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Togo

Solidarity helps to escape pandemic

by Samir Abi

In depth

Transport options matter in a pandemic: traffic in Lomé, Togo’s capital, in December 2020.

Transport options matter in a pandemic: traffic in Lomé, Togo’s capital, in December 2020.

As a disease, Covid-19 was less devastating in many African countries than was initially feared. The measures to control the pandemic, however, had serious impacts. Togo, for example, saw protests, a boom of the shadow economy and, ultimately, more solidarity.

The Covid-19 pandemic hit people in Togo particularly hard, even though statistics show that the death toll forecast for the African continent never materialised. The government’s crisis management turned out to be the greatest challenge, not the virus.

From March 2020 to July 2022, a mere 282 deaths were reported in Togo. The nation of 8 million people had 38,410 cases of infection. Figures of this kind should be considered with a certain caution, since data collection can be quite difficult in Africa. Nonetheless, these numbers explain why Togo’s people are frustrated with the government’s approach to the pandemic.

At first, fear of the virus was great. However, people soon resented the stringent measures imposed to control the spread of the disease. Non-violent resistance followed. It is still evident, for example, when people refuse to be vaccinated (on vaccination campaigns in Africa, see Benjamin M. Kagina on www.dandc.eu).

Cash-strapped health care

Before Coronavirus, doctors had enjoyed great esteem in Togo, but the pandemic has dented people’s trust in health-care staff. Access to medical facilities had been poor previously. In 2018, the digital newspaper Republicoftogo reported that the nation had 139 general practitioners and 295 specialists. In other words, there was one doctor per 16,700 people. Fewer than 40,000 people were working in hospitals and care. Less than 10 % of Togo’s people enjoy the privilege of getting treatment in either public or private health facilities. They are the better-off and government officers.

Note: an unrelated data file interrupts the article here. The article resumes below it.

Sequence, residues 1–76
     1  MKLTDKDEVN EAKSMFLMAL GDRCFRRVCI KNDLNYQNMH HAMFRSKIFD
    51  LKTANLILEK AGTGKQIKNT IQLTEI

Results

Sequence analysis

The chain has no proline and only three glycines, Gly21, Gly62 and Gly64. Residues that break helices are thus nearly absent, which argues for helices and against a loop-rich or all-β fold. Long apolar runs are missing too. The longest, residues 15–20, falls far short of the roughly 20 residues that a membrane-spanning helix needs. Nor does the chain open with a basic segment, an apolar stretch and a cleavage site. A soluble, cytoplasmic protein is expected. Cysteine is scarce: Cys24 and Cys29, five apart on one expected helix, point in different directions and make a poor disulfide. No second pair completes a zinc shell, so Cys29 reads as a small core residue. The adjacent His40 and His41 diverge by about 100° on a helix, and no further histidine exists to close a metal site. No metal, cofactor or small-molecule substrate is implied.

Indeed, many people must rely on traditional healers or self-medicate with cures sold on roadsides (see Ben Ezeamalu on www.dandc.eu).  Patients only go to emergency rooms once their illness has progressed considerably. Many perish for this reason. Science-based medicine only tends to be available in urban settings. The 80 % who live in rural areas hardly get professional health care.

Health care must do a lot of catching up

Things used to be different. After Togo’s independence in 1960, the government attempted to create a broad-based health-care system with facilities close to the people. Such efforts, however, ended in the 1980s in the course of the austerity imposed by multilateral structural-adjustment programmes. The crisis that led to democratisation in 1990 did not help either. There is a lot of catching up to do, after the country missed adequate investments in health-care investments for a quarter-century.

In the first decade of the new millennium, health-care staff responded with strikes to their sector being underfunded. Recurring tensions with the government and lack of appreciation made many doctors migrate to Europe, where they live and work in more comfortable settings.

The Covid-19 pandemic has made health-care investments even more difficult. When it set in, Togo only had four ventilators for the entire population. On short notice, 250 more breathing machines had to be acquired, along with Covid tests, medical masks, other resources and eventually vaccines. The implication was that less money was available for other health issues, including, malaria, cardio-vascular conditions and gastro-intestinal diseases.